I do hope things get better for him; he needs you now, and he needs you to be calmer than how you sound; outrage is never the answer in this kind of delicate family matters.
    If you want to help him, try, calmly, rationally and without judging (I can't stress that enough), to see why his parents act that way; is it denial? ignorance? do they know about the self-harm? would they care? is your friend at risk of suicide? what does he talk with his therapist? I assume it's a psychiatrist, rather than a psychologist; but he should keep seeing him and taking the meds, since even if the dysphoria is just contributing to his depression, it won't go away any time soon, and he needs all the possible help he can get to stabilize his mood, in addition to taking steps to internalize his dysphoria and eventually transition, if he so chooses; if he has GD, just taking some relevant steps will be very therapeutic; let him wear men's clothes when he visits you, and keep it a secret, if need be. He should visit a sympathetic psychologist as well; talking will help him elaborate his own identity, and a professional can gauge his state of mind and risk of suicide.

    And yes, there is a common misconception about the whole "I always knew" issue, one the transgender community itself is very responsible for, and which ends up hurting many trans people; all you (and your friend) can do is to educate them in that it's not so simple, because nothing relating to gender dysphoria is.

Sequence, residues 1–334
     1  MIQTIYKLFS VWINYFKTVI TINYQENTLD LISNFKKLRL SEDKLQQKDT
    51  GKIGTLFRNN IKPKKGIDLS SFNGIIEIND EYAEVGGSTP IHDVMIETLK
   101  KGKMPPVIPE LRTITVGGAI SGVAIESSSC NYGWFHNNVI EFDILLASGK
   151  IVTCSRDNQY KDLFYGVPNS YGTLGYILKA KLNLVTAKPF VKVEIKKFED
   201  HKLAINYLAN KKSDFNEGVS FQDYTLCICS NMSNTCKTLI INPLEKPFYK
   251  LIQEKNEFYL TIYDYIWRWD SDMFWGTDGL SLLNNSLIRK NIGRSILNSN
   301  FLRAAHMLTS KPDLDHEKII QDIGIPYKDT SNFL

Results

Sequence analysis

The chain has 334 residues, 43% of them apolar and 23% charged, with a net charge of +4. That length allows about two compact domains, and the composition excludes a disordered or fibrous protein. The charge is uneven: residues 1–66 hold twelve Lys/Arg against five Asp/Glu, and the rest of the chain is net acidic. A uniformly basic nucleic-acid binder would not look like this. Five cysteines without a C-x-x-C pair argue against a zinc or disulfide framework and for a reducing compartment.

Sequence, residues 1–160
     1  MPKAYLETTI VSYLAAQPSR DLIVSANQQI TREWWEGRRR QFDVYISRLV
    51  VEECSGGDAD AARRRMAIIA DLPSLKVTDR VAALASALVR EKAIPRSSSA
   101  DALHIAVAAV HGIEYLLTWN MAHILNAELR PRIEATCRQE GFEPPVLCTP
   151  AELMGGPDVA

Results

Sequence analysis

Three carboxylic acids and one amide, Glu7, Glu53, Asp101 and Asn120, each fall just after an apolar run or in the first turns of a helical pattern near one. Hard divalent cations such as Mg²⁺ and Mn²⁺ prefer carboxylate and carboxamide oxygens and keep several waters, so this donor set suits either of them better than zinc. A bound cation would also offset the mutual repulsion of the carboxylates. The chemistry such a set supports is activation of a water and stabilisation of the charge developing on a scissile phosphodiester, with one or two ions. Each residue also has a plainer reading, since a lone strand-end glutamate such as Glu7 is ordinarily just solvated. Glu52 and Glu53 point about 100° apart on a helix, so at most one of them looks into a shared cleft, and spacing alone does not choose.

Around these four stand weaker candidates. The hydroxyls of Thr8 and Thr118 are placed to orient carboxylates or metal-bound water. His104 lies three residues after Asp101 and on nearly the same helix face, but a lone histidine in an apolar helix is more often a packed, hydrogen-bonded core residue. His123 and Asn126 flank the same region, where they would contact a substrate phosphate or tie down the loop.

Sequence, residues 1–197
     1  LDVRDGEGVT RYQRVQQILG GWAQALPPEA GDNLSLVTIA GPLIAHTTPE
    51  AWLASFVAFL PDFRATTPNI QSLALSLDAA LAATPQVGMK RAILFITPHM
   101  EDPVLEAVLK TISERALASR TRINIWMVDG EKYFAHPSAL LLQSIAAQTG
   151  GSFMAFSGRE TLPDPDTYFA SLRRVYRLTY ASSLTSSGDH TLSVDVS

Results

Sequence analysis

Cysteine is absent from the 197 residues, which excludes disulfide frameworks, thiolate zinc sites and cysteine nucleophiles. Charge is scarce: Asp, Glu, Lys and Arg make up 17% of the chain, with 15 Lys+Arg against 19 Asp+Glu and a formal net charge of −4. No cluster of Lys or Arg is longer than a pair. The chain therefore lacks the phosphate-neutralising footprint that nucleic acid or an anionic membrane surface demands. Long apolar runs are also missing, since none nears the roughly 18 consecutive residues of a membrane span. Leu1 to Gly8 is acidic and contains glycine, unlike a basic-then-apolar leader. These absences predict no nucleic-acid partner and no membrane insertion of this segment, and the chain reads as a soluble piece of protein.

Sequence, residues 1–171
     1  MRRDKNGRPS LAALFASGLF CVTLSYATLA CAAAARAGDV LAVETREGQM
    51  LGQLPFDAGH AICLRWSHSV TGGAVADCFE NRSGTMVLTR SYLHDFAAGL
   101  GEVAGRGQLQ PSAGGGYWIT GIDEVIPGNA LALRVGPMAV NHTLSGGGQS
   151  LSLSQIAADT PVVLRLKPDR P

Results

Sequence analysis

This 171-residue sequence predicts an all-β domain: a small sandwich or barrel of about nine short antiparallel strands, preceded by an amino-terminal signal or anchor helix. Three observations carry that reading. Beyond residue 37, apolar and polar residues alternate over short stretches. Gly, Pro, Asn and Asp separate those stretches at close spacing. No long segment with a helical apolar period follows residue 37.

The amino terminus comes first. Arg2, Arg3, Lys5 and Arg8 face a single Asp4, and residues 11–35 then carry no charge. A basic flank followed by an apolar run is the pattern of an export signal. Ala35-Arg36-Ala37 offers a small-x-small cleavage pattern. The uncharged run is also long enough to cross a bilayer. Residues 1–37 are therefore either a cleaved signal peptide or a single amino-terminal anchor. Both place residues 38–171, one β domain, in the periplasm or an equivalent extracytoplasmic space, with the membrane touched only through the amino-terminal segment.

Your friend has a long and hard road ahead, this is just the start, and he will need his parents' help to traverse it; if they are as bad as you say, he will have to do it alone, but at least it will have been because there was no other option; if you care about him, make completely sure there is no other option, and don't judge anyone. Good luck for both.
    Last edited: Aug 11, 2015
  19. steffenka Miss Vaanjie


    So Friday I finally gathered up all my courage and kinda came out to my parents and sister. I asked how they would feel if I ended up gay, and they were totally fine with it. They said that the teenage years were very sexually confusing, but they would support and love me no matter where on the scale I ended. I was so relieved that I don't have to worry about them being mad or diasappointed with me, if I were to bring a boy home :D
  20. Leo33wii wink wink


    Well, that is good. Not to offend you, but I'm sure your family had a feeling already and knew for a while. I mean, it is a little suspicious for a child (as in you're their offspring opposed to a little kid) to hypothesize something from no where and see for a reaction. It's the safest way to ask something without actually asking. To them, they're waiting for you to embrace it and be open about it.

    Also, CONGRATULATIONS!!!! Proud of you. As a gay man in the military it's been pretty difficult for me. I joined the army back in 2006 when Don't Ask Don't Tell was a policy. This policy prevent soldiers to be open about their sexuality, otherwise homosexuals would be discharged from the military. Usually not in a honorable way due to discrimination.
    So I'm very happy to see that you could build up that courage. You're gonna need it. Honestly, it's a never ending "coming out" to people. When you're eating with a date and explaining that you aren't brothers and are actually "together." Or sometimes getting double takes from people because you've kissed another guy.
    Just be confident about yourself. Don't allow being gay be your identity. You're more than just that. There is a whole depth to who you are and you should also embrace that. Being gay is a part of you as much as your hair color and skin color or the types of food you prefer. You don't identify yourself by the foods you eat, because the foods you eat is just a portion of who you are. The same can be said about being gay.
    Empoleon_master and steffenka like this.